Like most other U.S. states, Indiana prohibits driving while under the influence of alcohol or an intoxicating substance. Drivers caught violating the law face an operating while intoxicated (OWI) charge, which can lead to penalties on conviction.
But Indiana also has laws that prohibit persons from operating motorboats while inebriated. The state is strict regarding enforcing the laws, and anyone convicted of breaking the rules can expect fines and jail time.
Operating a motorboat while intoxicated
According to state law, a person can face an OWI charge for using a motorboat while drunk. Much like an OWI for automobiles, the operator must meet specific criteria before an officer can charge them with an OWI. These criteria include:
- A blood or breath alcohol content level of .08% per 100 milliliters of blood or 210 liters of breath.
- Presence of a Schedule I or II controlled substance in the body, confirmed by a chemical test.
- Visible intoxication.
This offense is a Class C misdemeanor. However, the offense becomes a Level 6 felony if the person has a previous conviction for the same offense or their offense resulted in another person suffering serious bodily injury. The offense can further upgrade to a Level 5 felony if the offense led to the death or catastrophic injury of another.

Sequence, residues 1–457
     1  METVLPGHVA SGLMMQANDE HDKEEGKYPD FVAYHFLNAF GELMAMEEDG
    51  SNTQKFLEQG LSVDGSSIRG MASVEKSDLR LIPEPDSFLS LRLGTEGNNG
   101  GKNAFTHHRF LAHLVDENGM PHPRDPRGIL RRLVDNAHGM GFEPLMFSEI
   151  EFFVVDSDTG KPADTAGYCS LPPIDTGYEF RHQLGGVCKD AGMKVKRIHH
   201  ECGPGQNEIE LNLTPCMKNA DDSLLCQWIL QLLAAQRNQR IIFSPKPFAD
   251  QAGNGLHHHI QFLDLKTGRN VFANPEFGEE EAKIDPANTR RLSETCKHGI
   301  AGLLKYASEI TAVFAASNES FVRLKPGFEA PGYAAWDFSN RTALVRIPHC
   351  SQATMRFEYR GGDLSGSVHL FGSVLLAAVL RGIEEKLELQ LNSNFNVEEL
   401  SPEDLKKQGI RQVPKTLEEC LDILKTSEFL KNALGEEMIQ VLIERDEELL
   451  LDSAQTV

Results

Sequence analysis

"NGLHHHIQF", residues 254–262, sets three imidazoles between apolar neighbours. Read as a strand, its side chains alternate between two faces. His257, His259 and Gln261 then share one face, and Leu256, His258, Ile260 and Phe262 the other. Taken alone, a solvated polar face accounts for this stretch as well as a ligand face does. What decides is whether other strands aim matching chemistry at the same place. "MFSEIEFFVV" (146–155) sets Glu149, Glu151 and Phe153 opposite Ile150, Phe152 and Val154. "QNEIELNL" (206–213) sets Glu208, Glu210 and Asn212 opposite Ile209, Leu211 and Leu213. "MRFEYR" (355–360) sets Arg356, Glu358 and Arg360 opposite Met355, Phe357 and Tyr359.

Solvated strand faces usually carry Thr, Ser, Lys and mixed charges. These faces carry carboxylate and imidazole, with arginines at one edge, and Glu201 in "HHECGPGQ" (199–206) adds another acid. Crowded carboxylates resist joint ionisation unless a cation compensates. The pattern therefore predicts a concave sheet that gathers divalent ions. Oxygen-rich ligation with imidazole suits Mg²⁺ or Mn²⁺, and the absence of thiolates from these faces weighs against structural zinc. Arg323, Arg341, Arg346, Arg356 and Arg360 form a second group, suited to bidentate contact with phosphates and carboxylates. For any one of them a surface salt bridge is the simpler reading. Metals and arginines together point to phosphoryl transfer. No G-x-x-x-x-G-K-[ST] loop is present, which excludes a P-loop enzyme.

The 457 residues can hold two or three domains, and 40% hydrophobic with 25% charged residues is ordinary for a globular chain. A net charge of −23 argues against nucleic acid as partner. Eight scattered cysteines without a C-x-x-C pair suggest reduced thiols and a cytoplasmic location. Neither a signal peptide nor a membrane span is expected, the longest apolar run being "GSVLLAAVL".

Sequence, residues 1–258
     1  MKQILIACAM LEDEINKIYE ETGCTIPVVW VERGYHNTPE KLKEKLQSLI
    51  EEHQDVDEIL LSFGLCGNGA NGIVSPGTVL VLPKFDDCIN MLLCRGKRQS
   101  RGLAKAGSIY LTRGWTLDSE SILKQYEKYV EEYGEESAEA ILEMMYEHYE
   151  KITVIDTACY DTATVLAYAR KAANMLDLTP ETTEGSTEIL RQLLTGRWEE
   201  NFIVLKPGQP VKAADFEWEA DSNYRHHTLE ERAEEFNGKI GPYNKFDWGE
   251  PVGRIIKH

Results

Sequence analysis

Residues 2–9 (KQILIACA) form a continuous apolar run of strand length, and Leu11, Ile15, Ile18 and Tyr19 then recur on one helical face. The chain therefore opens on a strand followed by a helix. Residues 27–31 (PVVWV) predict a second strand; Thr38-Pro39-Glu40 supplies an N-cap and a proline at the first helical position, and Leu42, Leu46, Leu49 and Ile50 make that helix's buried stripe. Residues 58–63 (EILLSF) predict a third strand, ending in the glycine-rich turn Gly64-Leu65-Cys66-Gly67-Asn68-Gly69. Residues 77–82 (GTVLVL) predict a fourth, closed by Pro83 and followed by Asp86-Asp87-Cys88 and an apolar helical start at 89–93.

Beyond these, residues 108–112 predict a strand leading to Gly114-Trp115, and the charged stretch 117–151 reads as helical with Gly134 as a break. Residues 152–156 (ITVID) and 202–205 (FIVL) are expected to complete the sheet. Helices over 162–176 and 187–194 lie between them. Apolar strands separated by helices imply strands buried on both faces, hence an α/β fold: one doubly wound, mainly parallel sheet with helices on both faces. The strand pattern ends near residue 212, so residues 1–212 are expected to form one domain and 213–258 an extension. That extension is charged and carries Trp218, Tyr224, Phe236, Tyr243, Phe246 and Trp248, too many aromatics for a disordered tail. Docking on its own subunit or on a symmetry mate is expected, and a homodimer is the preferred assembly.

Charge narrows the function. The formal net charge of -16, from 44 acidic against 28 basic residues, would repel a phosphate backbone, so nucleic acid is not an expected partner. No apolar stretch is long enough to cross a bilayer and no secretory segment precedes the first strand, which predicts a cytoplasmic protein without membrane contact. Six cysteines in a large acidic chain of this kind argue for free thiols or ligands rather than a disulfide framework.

Penalties for motorboat OWI
The following are the penalties on conviction for motorboat OWI, corresponding to the appropriate criminal grades:
- Class C misdemeanor: Up to 60 days in jail and $500 in fines.
- Level 6 felony: Up to 2.5 years in prison and $10,000 in fines.
- Level 5 felony: Up to 6 years in prison and $10,000 in fines.
A court may also seek to sentence the person as a habitual offender if they have three prior convictions for unrelated felonies.
Operating a motorboat while drunk is just as dangerous as driving a car while inebriated – and just as illegal, too. Even if a drunk person didn’t injure anyone, a conviction for a second or subsequent offense leads to years of imprisonment and tens of thousands of dollars in fines. There are serious consequences for such reckless behavior, but those accused may yet be able to make their case in court.